Reprinted from Washington Post
An outtake from the recent controversy over expired-tag arrests: One of the reasons the District’s erstwhile policy was both objectionable and little-noticed is that police officers had discretion over whether or not to arrest a driver whose registration had lapsed.
Expired tags, as it happens, were just one of 160 misdemeanor offenses where officers can choose either to take offenders into custody or to write them what is essentially a glorified ticket.
The full list can be perused in a Metropolitan Police Department document issued in December 2005 outlining the proper procedure for issuing such a “violation citation,” or Form 61D. (It’s online as part of a trove of official department documents released to the nonprofit Partnership for Civil Justice in 2009.)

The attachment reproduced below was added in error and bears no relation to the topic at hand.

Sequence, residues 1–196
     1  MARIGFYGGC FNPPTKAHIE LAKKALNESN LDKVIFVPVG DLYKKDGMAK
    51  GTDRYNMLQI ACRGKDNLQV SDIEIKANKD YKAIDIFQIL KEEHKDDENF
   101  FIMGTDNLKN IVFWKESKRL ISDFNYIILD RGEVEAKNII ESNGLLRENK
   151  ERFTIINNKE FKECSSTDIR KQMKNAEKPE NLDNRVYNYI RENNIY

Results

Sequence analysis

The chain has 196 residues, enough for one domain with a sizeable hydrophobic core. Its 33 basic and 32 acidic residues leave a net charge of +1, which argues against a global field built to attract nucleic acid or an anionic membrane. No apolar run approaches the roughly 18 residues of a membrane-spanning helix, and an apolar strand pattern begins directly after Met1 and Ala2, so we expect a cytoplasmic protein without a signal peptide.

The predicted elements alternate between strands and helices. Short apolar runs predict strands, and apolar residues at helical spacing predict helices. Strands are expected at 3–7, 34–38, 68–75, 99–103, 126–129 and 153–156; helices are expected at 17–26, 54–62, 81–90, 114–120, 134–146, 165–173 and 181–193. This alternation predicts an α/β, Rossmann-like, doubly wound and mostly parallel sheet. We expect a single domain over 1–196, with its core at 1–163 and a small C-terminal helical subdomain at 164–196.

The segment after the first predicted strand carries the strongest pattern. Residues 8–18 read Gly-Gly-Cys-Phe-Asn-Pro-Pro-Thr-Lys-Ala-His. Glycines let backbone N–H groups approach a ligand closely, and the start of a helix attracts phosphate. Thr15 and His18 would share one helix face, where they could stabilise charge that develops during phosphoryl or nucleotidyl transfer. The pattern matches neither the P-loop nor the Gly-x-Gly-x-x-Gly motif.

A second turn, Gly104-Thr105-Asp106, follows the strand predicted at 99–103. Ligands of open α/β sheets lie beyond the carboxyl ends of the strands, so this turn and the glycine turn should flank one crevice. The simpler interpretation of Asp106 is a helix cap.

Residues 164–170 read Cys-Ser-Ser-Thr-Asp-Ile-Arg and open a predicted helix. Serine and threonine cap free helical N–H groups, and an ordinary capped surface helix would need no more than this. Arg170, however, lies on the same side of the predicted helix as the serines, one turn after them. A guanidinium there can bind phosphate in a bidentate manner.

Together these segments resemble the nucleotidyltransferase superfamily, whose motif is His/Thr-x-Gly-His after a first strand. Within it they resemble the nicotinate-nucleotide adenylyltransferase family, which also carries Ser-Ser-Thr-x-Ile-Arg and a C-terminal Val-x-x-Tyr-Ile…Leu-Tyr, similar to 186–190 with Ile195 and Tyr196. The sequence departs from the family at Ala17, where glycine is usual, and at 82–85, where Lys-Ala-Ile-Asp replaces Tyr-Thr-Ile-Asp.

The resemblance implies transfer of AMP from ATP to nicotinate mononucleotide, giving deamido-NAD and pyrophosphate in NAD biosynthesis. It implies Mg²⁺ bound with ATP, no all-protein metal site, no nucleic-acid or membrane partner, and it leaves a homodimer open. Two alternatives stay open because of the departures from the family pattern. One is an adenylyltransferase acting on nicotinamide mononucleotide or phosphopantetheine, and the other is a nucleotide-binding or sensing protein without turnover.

The list contains a number of other small-bore offenses that you might not realize can land you in jail — stuff like operating a radar detector, storing building materials in an alley, climbing a street lamp, leaving your dog’s excrement untended, or digging for fishing bait in Rock Creek Park.
Metropolitan Police officers are allowed to let violators off if they have “reason to believe that the violator will not cause injury to persons or damage to property, and will make an appearance in answer to the citation.” (Officers in other departments also issue 61Ds, but might have different procedures for doing so.)
The offender has 15 days to report to a police station, where they can choose to contest the charge in court or forfeit their right to a court date if they agree to forfeit some money, too.
According to police union chairman Kris Baumann, the list is “still good as near as we can tell” and was included in a list of active department directives as recently as August. I have queried the police department on whether any offenses should be added or subtracted and, if so, will update.